Contrary to Progressive's assertion here, Torrez, 705 F.2d 1192, is not inconsistent with Colorado law in either its reasoning or its result. The insurer in Trimble settled the underlying tort action prior to trial. Unlike the plaintiffs in Torrez and the instant case, the insured in Trimble did not, and could not, assert in the related declaratory judgment action the insurer's bad faith failure to settle. Rather the bad faith conduct there alleged was the insurer's refusal to provide insurance coverage and a defense clearly mandated under controlling law. Trimble, 691 P.2d at 1140 n. 3. By noting in Trimble that an insurer's duty of good faith can be breached before judgment in the case is rendered, the Colorado Supreme Court merely restated elemental tort law that a tort claim is stated when an injury allegedly caused by breach of a recognized duty is evident. Id. at 1142.

Here the state trial court entered its judgment in the underlying negligence action on January 7, 1987. Progressive immediately appealed. While the plaintiff may have been aware in January 1987 that he potentially might have a bad faith claim against Progressive, it is obvious that he did not then know whether in fact he had suffered or would suffer any tort injury entitling him to damages. The Tenth Circuit's holding in Torrez that a final judgment establishing an insured's liability for an amount in excess of coverage constitutes the accrual date of a bad faith action predicated on the insurer's failure to settle the underlying tort action governs this case.

That view reflects the basic elements necessary to state any tort claim: (1) a duty, (2) breach of the duty, and (3) injury caused by the breach. When, as here, the economic injury alleged is the actual imposition of an excess liability judgment on the insured, the harm or damages element of the bad faith tort claim necessarily remains uncertain and speculative until final judgment on appeal either establishes that exposure or dissolves any liability. The tort simply is not complete until the plaintiff's injury is established.

Under Colo.Rev.Stat. § 13-80-102, the plaintiff's right to proceed against Progressive accrued when the injury became known. On December 1, 1988, the Colorado Court of Appeals rendered final judgment on the underlying negligence action thus establishing the instant plaintiff's liability for a judgment exceeding coverage. Progressive defies both law and logic in arguing that this bad faith action should have been brought earlier. Plaintiff could not earlier have asserted, within the bounds of Fed.R.Civ.P. 11, that Progressive's conduct had created a justiciable controversy by actually exposing him to an excess liability judgment.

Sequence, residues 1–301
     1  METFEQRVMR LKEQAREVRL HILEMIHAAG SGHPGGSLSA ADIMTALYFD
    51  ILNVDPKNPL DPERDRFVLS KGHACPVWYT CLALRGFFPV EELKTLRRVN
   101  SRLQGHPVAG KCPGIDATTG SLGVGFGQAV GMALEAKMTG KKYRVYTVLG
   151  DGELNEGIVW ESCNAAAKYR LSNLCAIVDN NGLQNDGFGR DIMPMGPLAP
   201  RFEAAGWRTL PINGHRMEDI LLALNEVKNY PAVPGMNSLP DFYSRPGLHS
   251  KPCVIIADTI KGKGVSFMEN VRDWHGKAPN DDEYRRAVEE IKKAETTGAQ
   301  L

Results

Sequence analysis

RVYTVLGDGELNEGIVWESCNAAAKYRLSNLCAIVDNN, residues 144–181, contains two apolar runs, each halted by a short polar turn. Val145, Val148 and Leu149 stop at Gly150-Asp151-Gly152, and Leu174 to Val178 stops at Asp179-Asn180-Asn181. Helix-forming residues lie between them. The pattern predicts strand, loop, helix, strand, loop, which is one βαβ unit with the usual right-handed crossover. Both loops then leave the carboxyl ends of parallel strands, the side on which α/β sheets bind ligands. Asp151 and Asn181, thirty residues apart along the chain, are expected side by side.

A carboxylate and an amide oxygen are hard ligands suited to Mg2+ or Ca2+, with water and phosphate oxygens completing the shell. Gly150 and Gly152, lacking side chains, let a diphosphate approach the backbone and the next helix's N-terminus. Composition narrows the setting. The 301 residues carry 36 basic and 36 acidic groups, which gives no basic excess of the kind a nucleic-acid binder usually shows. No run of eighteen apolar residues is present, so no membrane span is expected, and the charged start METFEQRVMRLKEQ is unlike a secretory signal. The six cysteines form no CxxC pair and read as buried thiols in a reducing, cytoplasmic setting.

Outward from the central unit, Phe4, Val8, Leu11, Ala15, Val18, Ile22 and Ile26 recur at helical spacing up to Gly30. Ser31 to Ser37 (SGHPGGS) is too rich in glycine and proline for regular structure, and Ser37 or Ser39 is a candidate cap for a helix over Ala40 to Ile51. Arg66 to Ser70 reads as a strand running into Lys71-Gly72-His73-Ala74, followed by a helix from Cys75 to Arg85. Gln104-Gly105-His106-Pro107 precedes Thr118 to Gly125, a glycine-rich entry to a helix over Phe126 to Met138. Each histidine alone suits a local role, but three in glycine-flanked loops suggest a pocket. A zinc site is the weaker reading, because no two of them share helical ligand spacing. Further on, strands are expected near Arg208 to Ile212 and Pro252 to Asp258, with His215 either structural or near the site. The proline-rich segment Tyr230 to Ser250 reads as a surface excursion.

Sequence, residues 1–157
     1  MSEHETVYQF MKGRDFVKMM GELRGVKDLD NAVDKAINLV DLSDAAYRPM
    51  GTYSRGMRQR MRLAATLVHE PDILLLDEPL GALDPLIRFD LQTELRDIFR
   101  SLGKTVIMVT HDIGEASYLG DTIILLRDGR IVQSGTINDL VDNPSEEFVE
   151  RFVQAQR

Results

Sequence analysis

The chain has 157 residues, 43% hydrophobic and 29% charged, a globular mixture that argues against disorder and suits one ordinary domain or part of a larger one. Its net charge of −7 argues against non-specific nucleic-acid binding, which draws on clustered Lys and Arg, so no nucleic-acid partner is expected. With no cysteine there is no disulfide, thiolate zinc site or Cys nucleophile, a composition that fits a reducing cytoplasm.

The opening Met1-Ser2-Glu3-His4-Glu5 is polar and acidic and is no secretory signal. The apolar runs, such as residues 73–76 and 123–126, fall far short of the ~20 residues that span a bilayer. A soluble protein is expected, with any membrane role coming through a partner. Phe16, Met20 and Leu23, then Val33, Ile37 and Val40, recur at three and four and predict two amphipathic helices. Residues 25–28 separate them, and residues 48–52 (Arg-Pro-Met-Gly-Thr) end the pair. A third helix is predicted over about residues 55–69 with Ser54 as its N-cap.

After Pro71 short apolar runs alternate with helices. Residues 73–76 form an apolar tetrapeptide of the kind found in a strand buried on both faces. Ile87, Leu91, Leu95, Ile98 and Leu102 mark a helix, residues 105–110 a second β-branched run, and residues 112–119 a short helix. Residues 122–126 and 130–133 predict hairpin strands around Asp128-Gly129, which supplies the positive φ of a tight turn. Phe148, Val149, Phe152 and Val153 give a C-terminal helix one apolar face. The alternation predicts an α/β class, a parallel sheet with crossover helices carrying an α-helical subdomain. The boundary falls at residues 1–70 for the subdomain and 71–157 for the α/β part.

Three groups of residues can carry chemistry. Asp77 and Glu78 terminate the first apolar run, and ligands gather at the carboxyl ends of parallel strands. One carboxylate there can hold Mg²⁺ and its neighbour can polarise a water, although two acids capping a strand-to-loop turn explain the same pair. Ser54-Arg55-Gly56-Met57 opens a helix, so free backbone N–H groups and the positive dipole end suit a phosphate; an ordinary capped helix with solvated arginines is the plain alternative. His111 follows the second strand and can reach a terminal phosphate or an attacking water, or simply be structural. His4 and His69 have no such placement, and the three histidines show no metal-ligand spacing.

I conclude that, under the circumstances here presented, the action asserting insurance company bad faith failure to settle resulting in an excess liability judgment against the insured accrued when excess liability ultimately was established. I further conclude that excess liability was not established, and the controlling statute of limitations therefore did not commence running, until judgment on appeal became final. It follows that the instant action accrued on December 1, 1988, and was timely filed less than two years later on January 31, 1990.

Accordingly, IT IS ORDERED that:

 
(1) the defendant's motion for summary judgment is denied; and
 
(2) the parties and their counsel are ordered to meet and confer within eleven days of this order in a good faith attempt to settle the case without further litigation, expense or delay. The parties shall report to this court in writing within fifteen days of this order, stating the results of their settlement negotiations and whether a settlement conference before a Magistrate Judge, or some other alternative dispute resolution proceeding, would facilitate settlement.

NOTES

[1] Plaintiff asserts that a six-year limitations period, in effect prior to 1986, is applicable. (Plaintiff's brief, p. 5). Because I conclude that the instant action accrued after 1986, I need not address that argument.